Wednesday, July 11, 2007

Nobody Is That Dumb ... Oh, Wait! - III

Another day, another installment in our aperiodic :-) series "Nobody Is That Dumb ... Oh, Wait!" featuring GAO report on data breaches [PDF]. As you recall :-), a blog post under that rubric should contain the word "assclown."

So, the report in question seem to imply that

a) there is no link between data loss/theft and subsequent identity theft, and
b) as a result, mandatory notifications (such as those prescribed by CA 1386) are a waste of resources.

But you know what? Data theft (as well as, mind you, a negligent data loss!) is a crime even if whoever took off with the data didn't use it for nefarious purposes. To me it sounds akin to "the bank robber who didn't spend the money on more crimes" or (more remote ...) "a carjacker who didn't cause a traffic incident." Mandatory notifications are a means to reduce data loss/theft, and are thus needed with no regards to how the stolen data is used!

BTW, SANS called it deeply flawed (their analysis of it is here), but it is also stupid in light of the above.


rybolov said...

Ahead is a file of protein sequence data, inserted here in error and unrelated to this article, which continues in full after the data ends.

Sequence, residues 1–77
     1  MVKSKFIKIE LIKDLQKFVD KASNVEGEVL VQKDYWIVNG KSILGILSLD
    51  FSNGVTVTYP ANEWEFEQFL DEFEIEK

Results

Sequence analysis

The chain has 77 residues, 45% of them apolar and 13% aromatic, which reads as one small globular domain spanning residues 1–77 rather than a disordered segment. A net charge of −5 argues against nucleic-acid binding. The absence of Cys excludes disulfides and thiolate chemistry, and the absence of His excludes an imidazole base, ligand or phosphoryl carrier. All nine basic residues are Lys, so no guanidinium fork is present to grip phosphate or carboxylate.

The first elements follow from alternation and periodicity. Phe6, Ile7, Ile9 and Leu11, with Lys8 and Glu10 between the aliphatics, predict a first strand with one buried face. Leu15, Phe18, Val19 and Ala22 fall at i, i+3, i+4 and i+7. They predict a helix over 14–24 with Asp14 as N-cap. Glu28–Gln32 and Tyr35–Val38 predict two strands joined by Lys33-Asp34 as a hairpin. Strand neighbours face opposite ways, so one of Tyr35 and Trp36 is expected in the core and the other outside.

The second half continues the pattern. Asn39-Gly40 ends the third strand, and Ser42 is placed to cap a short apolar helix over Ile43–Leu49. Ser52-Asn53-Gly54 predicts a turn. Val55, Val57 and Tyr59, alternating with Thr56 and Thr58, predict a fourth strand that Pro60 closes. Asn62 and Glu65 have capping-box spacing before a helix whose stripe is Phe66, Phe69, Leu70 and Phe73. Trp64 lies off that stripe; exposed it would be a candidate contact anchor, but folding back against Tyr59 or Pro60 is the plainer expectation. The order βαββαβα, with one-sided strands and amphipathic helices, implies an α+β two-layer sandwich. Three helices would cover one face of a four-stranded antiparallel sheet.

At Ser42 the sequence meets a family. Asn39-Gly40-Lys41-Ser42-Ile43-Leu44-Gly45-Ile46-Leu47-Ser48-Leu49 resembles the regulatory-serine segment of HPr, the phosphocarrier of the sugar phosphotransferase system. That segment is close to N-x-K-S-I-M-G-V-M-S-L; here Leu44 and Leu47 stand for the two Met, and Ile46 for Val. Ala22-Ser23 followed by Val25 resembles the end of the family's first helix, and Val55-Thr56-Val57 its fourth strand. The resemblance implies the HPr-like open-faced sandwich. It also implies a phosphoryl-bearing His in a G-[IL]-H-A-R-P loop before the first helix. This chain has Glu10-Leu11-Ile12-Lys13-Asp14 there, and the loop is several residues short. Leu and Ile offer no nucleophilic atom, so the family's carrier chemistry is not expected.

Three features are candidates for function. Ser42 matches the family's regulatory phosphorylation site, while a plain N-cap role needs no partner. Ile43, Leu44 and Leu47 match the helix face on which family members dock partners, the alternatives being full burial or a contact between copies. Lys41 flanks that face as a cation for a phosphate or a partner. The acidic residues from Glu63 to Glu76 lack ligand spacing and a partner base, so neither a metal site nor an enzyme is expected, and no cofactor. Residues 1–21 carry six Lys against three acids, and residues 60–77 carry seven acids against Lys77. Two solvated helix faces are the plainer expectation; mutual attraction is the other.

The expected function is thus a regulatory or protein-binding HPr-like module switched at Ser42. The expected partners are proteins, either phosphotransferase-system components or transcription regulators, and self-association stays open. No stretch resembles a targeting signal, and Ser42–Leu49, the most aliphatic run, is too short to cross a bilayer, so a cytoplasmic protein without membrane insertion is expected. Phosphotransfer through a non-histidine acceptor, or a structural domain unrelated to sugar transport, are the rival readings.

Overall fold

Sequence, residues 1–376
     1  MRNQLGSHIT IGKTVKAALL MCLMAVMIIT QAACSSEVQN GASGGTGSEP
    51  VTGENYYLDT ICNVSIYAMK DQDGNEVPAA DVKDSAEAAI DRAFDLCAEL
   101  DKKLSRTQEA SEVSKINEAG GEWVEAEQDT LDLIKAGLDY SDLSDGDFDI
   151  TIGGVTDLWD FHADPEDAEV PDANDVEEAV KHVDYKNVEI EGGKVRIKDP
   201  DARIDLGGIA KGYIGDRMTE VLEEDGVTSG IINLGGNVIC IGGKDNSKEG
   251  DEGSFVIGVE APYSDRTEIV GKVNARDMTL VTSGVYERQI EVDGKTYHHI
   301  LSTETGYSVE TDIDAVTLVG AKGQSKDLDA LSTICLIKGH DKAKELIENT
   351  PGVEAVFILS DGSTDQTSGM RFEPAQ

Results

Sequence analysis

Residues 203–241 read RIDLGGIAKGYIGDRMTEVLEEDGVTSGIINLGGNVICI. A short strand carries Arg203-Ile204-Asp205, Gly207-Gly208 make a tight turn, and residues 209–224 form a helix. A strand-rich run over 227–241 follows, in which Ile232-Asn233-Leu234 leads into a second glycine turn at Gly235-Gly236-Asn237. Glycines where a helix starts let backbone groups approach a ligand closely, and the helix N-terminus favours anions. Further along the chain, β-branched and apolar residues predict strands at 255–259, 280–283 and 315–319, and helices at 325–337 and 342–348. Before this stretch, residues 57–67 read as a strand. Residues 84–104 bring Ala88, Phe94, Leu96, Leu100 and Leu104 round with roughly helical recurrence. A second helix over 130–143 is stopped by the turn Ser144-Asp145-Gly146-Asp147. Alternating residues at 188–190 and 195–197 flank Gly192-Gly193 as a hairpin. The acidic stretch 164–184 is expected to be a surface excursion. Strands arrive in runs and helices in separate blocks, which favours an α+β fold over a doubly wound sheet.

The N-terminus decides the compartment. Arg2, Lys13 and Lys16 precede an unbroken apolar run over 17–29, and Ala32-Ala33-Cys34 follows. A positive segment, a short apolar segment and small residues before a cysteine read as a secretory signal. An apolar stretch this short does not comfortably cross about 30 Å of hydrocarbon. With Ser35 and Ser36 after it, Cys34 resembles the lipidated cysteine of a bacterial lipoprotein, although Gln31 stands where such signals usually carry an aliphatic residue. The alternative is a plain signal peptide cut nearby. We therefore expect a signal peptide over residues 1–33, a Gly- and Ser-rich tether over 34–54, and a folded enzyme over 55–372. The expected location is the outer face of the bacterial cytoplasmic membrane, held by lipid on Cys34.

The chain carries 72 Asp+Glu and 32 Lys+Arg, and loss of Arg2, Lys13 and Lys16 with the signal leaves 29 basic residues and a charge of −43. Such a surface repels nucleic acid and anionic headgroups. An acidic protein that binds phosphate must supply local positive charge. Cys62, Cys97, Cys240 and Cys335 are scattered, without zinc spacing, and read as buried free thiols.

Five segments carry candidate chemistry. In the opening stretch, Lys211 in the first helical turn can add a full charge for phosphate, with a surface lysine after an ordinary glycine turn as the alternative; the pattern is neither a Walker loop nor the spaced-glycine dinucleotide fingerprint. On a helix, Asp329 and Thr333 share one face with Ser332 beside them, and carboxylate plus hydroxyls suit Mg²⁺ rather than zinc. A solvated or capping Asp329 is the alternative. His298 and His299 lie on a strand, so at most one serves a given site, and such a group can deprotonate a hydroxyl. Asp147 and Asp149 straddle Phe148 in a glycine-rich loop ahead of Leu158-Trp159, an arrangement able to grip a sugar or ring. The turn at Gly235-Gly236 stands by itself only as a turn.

It's not about identity theft or theft of funds, it's a social contract between the Government and the people to protect the PII that they collect about us. That's the real issue. Inside the Government, the reason for breach notification is security through public shame.

Anton Chuvakin said...

Good point as well. However, some might argue that some types of "PII" are not pretty much PUBLIC so no extra protections can be assumed...

"reason for breach notification is security through public shame"

Absolutely! That is the point I was trying to make as well; but GAO report seems to argue with this ...

rybolov said...

It's the

Think about it, the government is governed by the Privacy Act of 1974. Watergate just happened, and it was revealed that the administration was keeping files on people that they never should have for purposes that they never should have. If I'm a government agency collecting PII, I have to do a privacy impact assessment to formally say what I am going to do with this data. For example, recording people's extramarital affairs and then using this information to blackmail them. Think it can't happen in America? It has.

Yes, most of this PII is public record or freely available (example, name, telephone number, and work address which is on their web site), but the problem with the government collecting it is that they're doing just that, aggregating information. That does constitute a social contract.

Anton Chuvakin said...

OK, point taken, but I still worry more about "impactful" info such as SSNs then about public info aggregation (even though one can do wonders even with public data...)

Dr Anton Chuvakin